Canadian Divorce Act:
The Divorce Act of 1968 governs divorce in Canada. Unlike the United States where divorce laws differ from state to state, federal laws govern divorces in Canada. All provinces follow the same laws and regulations. The act was revised in 1986 to establish grounds for divorce and guidelines for child support and spousal support.
This article outlines general laws and regulations pertaining to who grounds for divorce in Canada, period of separation and the role legal counsel and the courts play in divorce.Chapter 8
(1) A court of competent jurisdiction may, on application by either or both spouses, grant a divorce to the spouse or spouses on the ground that there has been a breakdown of their marriage.Breakdown of marriage:
(2) Breakdown of a marriage is established only if:
(a) The spouses have lived separate and apart for at least one year immediately preceding the determination of the divorce proceeding and were living separate and apart at the commencement of the proceeding; or
(b) The spouse against whom the divorce proceeding is brought has, since celebration of the marriage,
(c) Committed adultery, or
(d)Treated the other spouse with physical or mental cruelty of such a kind as to render intolerable the continued cohabitation of the spouses.Calculation of period of separation:
(3) For the purposes of paragraph (2)(a),
(a) Spouses shall be deemed to have lived separate and apart for any period during which they lived apart and either of them had the intention to live separate and apart from the other; and
(b) A period during which spouses have lived separate and apart shall not be considered to have been interrupted or terminated.
(i) By reason only that either spouse has become incapable of forming or having an intention to continue to live separate and apart or of continuing to live separate and apart of the spouse’s own volition, if it appears to the court that the separation would probably have continued if the spouse had not become so incapable, or
(ii) by reason only that the spouses have resumed cohabitation during a period of, or periods totaling, not more than ninety days with reconciliation as its primary purpose.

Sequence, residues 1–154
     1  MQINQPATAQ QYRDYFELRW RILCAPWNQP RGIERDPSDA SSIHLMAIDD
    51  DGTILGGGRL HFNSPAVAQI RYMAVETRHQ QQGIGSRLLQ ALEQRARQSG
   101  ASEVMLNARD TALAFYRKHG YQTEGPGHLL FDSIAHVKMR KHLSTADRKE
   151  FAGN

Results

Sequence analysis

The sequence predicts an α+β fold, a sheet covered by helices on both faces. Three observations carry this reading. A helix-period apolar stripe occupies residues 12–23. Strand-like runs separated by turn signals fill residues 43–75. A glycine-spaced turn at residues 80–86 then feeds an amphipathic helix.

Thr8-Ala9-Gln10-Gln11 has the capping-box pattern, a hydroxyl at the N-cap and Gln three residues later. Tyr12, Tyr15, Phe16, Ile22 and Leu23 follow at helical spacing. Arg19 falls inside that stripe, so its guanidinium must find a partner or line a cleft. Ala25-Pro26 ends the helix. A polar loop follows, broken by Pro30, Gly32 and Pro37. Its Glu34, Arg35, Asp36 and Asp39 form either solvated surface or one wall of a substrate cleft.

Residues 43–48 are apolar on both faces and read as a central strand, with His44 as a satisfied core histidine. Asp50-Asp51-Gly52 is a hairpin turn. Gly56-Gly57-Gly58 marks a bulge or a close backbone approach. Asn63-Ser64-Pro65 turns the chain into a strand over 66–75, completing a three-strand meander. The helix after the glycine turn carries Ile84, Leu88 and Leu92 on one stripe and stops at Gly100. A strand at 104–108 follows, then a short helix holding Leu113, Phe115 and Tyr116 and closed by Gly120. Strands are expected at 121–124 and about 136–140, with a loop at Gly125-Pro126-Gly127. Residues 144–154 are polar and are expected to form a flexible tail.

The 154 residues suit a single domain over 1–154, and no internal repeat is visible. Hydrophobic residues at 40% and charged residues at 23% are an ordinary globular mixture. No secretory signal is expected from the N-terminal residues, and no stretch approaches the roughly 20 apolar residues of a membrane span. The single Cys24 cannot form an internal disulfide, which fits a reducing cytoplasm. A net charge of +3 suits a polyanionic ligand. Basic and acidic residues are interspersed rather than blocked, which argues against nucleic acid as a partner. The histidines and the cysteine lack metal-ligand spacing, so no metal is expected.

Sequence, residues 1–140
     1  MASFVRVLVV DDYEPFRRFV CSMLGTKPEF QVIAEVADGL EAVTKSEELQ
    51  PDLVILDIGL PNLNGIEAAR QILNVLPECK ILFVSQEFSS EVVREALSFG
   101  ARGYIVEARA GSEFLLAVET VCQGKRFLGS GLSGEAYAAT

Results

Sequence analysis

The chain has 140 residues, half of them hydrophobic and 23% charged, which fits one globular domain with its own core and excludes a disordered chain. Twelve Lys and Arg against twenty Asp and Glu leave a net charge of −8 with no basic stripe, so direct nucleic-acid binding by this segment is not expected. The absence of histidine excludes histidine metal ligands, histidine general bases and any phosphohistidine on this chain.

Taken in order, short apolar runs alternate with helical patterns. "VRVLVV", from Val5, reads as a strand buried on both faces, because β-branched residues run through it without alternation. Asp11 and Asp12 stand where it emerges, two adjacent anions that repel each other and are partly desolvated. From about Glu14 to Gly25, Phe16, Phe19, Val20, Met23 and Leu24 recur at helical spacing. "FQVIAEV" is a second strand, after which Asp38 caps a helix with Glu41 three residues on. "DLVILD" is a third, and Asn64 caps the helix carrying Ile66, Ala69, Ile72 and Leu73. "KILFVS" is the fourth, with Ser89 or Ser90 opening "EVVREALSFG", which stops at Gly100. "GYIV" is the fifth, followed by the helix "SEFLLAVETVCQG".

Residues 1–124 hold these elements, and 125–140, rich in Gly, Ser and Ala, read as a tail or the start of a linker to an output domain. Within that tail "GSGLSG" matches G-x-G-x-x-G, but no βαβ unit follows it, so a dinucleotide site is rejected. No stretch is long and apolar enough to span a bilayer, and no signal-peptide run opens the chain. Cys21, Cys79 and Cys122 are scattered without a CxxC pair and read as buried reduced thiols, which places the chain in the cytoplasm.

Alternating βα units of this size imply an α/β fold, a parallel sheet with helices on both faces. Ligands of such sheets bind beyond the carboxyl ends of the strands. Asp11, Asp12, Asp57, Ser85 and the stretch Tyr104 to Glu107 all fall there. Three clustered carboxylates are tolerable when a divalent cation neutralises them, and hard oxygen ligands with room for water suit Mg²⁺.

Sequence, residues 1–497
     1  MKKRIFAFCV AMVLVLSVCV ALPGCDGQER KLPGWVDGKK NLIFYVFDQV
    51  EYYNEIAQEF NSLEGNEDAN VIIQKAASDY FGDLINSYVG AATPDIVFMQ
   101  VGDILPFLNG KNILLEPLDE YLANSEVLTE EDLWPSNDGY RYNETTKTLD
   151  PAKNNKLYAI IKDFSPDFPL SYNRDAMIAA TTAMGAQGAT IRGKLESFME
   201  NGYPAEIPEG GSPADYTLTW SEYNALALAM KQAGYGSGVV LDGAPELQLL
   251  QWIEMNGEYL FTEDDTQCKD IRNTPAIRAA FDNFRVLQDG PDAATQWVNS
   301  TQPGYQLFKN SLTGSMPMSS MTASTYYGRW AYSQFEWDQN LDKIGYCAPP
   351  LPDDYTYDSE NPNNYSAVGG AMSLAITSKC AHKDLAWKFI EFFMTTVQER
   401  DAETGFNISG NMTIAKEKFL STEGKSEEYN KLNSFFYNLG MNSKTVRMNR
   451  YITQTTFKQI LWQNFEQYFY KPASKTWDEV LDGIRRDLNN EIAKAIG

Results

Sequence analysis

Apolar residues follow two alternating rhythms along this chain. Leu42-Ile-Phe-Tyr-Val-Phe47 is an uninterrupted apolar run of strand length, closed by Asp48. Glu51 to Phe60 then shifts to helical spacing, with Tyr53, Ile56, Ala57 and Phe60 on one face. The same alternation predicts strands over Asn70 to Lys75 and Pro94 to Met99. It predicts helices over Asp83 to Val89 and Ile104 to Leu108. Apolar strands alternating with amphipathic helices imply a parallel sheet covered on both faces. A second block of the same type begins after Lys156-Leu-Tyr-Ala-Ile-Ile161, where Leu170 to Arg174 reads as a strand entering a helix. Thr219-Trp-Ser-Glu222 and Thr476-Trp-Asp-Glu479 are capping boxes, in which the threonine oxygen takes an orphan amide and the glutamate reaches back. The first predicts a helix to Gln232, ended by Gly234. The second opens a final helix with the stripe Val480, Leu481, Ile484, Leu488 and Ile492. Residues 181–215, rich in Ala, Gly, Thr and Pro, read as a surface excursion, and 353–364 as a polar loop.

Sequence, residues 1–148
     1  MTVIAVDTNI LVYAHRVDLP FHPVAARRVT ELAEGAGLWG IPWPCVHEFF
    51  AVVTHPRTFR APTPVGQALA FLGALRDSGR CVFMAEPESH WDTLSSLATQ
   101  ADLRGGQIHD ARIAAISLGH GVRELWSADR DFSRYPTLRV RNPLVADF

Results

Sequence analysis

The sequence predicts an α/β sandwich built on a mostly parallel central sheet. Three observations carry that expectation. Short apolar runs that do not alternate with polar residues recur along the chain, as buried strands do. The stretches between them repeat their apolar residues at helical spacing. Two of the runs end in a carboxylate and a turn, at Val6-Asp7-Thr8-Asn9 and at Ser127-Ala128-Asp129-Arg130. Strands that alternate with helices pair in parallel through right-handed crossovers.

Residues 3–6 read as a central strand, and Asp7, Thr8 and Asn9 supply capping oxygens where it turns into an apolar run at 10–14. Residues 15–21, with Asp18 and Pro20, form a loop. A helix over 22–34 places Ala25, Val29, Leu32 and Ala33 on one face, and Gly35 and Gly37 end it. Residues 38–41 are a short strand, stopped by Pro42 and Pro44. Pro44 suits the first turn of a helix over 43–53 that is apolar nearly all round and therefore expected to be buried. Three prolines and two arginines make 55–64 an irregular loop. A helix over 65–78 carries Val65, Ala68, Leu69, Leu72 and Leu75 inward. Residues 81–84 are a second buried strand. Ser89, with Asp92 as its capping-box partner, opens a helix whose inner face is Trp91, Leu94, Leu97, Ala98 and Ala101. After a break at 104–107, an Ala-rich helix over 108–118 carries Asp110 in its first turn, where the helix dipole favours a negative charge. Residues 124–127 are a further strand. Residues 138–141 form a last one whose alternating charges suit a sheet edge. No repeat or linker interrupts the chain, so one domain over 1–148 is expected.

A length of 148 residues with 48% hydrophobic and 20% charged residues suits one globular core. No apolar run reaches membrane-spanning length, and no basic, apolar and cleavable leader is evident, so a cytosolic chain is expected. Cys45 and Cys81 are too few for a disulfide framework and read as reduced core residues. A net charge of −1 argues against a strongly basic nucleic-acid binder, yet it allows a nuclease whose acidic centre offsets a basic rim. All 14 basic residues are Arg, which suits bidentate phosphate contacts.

Duty of legal adviser:Chapter 9
(1) It is the duty of every barrister, solicitor, lawyer or advocate who undertakes to act on behalf of a spouse in a divorce proceeding
(a) To draw to the attention of the spouse the provisions of this Act that have as their object the reconciliation of spouses, and
(b) To discuss with the spouse the possibility of the reconciliation of the spouses and to inform the spouse of the marriage counseling or guidance facilities known to him or her that might be able to assist the spouses to achieve a reconciliation, unless the circumstances of the case are of such a nature that it would clearly not be appropriate to do so.Idem:
(2) It is the duty of every barrister, solicitor, lawyer or advocate who undertakes to act on behalf of a spouse in a divorce proceeding to discuss with the spouse the advisability of negotiating the matters that may be the subject of a support order or a custody order and to inform the spouse of the mediation facilities known to him or her that might be able to assist the spouses in negotiating those matters.Certification:
(3) Every document presented to a court by a barrister, solicitor, lawyer or advocate that formally commences a divorce proceeding shall contain a statement by him or her certifying that he or she has complied with this section.
Duty of court — reconciliation:Chapter 10
(1) In a divorce proceeding, it is the duty of the court, before considering the evidence, to satisfy itself that there is no possibility of the reconciliation of the spouses, unless the circumstances of the case are of such a nature that it would clearly not be appropriate to do so.Adjournment:
(2) Where at any stage in a divorce proceeding it appears to the court from the nature of the case, the evidence or the attitude of either or both spouses that there is a possibility of the reconciliation of the spouses, the court shall:
(a) Adjourn the proceeding to afford the spouses an opportunity to achieve a reconciliation; and
(b) With the consent of the spouses or in the discretion of the court, nominate
(i) A person with experience or training in marriage counseling or guidance, or
(ii) In special circumstances, some other suitable person, to assist the spouses to achieve a reconciliation.Resumption:
(3) Where fourteen days have elapsed from the date of any adjournment under subsection (2), the court shall resume the proceeding on the application of either or both spouses.Nominee not competent or compellable:
(4) No person nominated by a court under this section to assist spouses to achieve reconciliation is competent or compellable in any legal proceedings to disclose any admission or communication made to that person in his or her capacity as a nominee of the court for that purpose.Evidence not admissible:
(5) Evidence of anything said or of any admission or communication made in the course of assisting spouses to achieve reconciliation is not admissible in any legal proceedings.